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Sunday, October 26, 2014
Saskatchewan Justice

The police send a file for prosecution to a Crown Prosecutor. The prosecutor then considers two questions when deciding if a charge should proceed.

First, the prosecutor decides if there is reasonable likelihood of a conviction. The prosecutor studies the evidence from the police to determine what will be admissible and if it is solid enough to get a conviction. The prosecutor must also consider the defence that the accused may use.

Second, the prosecutor decides if it is in the public interest to prosecute. The following factors are considered:

  • seriousness of the offence;
  • mitigating or aggravating circumstances;
  • personal circumstances of the accused;
  • staleness of the alleged offence;
  • prosecution’s effect on public order, morale or public confidence in the administration of justice;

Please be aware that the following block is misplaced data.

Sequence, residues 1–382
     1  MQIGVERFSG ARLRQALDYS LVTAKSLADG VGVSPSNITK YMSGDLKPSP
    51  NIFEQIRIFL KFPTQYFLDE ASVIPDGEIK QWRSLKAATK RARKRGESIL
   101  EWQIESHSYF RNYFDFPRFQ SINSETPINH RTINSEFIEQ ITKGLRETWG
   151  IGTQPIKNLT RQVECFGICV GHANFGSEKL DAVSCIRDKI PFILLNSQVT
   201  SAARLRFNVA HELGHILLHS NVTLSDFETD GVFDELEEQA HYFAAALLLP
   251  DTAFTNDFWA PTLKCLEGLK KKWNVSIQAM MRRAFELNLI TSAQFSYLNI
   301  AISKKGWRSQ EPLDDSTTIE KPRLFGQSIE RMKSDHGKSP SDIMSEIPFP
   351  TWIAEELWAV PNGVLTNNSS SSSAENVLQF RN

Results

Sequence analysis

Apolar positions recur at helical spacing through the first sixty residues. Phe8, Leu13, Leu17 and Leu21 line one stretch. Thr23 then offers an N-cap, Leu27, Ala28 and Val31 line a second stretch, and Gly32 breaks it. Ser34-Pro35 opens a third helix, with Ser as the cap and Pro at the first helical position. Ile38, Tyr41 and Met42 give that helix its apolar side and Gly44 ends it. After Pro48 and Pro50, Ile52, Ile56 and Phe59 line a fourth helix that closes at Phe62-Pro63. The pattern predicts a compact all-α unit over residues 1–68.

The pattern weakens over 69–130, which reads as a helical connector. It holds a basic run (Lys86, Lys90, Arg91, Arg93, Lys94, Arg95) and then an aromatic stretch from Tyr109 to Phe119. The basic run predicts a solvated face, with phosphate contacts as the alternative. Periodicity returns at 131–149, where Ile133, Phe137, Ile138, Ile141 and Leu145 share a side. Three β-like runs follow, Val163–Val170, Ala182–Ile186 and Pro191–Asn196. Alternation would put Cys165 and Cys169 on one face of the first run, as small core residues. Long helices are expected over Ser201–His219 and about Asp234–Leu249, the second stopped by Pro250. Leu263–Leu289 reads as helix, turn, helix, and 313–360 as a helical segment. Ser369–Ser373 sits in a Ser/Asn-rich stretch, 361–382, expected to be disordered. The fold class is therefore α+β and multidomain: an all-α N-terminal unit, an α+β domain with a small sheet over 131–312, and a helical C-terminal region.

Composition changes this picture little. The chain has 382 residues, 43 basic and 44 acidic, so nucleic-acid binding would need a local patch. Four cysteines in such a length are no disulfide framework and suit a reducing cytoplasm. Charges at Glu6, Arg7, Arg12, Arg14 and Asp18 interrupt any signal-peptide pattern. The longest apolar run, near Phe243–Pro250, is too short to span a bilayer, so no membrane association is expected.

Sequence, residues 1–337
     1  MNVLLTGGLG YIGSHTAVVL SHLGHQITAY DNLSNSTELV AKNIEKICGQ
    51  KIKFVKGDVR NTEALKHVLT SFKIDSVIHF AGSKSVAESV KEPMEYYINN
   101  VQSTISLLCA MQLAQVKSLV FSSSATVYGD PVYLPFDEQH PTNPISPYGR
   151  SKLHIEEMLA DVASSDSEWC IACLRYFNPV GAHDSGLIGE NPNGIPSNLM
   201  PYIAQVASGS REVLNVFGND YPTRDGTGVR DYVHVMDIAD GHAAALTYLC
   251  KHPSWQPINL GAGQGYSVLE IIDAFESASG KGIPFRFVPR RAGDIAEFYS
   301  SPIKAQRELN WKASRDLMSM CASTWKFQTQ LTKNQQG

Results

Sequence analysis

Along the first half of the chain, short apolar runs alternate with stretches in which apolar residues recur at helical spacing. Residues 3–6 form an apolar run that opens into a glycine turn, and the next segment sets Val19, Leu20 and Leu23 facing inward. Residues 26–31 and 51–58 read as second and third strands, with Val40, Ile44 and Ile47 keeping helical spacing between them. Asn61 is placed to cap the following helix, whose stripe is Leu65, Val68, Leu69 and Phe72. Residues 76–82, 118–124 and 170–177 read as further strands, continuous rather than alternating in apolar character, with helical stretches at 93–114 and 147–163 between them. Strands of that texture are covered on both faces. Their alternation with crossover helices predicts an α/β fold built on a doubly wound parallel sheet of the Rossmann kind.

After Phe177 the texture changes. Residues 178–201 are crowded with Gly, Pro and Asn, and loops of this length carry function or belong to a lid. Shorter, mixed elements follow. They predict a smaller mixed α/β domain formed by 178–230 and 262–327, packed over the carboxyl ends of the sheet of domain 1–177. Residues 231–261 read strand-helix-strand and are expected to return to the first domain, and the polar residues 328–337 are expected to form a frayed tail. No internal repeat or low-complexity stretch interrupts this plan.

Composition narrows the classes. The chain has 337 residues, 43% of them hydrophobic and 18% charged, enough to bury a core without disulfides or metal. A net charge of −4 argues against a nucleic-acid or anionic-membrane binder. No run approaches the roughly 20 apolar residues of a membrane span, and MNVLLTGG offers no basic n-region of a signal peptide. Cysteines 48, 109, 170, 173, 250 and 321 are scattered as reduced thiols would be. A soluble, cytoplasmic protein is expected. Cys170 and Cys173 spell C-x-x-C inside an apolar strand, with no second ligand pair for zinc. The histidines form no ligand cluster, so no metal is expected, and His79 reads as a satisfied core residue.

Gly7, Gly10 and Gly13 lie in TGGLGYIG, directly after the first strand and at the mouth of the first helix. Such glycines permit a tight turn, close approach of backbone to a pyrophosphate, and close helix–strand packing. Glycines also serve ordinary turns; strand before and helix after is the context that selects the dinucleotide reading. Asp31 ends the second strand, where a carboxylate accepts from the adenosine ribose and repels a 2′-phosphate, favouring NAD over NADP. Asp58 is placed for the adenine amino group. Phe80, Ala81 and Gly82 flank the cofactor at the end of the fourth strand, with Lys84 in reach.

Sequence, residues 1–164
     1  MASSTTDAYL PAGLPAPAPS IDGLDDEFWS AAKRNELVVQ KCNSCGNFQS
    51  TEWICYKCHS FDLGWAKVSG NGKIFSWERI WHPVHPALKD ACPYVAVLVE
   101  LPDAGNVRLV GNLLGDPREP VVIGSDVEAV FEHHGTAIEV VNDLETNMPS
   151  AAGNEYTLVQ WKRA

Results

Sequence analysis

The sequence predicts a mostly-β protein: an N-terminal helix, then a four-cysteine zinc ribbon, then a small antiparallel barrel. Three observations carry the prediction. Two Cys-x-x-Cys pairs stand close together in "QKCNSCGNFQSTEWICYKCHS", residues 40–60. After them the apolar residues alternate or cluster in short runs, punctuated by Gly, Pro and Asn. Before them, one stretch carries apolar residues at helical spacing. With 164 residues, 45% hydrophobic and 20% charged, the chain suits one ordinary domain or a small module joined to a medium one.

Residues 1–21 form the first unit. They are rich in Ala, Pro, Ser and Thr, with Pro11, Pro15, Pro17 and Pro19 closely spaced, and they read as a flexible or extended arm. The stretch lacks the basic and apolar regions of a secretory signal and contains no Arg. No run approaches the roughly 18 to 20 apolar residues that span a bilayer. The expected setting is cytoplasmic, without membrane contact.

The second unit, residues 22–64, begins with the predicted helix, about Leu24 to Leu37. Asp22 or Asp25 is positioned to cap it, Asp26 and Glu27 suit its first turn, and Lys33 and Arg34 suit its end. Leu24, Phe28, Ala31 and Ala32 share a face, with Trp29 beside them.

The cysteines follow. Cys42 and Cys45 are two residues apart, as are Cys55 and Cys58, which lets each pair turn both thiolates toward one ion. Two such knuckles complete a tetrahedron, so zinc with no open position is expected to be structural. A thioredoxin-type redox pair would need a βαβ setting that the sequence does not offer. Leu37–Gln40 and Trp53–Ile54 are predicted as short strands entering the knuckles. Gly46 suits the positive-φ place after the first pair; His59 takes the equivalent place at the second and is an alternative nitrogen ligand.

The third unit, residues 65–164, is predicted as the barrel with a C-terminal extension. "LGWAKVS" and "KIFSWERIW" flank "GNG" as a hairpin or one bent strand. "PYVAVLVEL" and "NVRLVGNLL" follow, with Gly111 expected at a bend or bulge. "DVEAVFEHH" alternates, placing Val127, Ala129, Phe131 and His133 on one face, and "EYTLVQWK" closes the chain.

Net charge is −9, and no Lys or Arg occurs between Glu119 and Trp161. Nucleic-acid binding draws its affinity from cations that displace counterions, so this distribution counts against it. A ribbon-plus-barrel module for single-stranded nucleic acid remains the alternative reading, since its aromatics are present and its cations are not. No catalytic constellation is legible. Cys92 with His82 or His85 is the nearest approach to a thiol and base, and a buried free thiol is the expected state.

• availability of alternatives;
  • frequency of the offence in the community;
  • concern in the community over the offence;
  • likely sentence; and
  • attitudes and interests of the victim.

 

The following factors are not considered when deciding whether to proceed:

  • race;
  • national or ethnic origin;
  • colour;
  • religion;
  • sex;
  • sexual orientation;
  • political associations, activities or beliefs of the accused, victim or other involved parties; or
  • political advantages or disadvantages to government or political parties.

 

If the matter goes to court, it is the duty of the prosecutor to present the case for the Crown in a fair way and to keep the court fully informed of all information relevant to the issues the judge will have to deal with. Regardless of the result of the trial, a prosecutor is satisfied if the trial has been fair to the public, whose interests the prosecutor represents, and to the accused.



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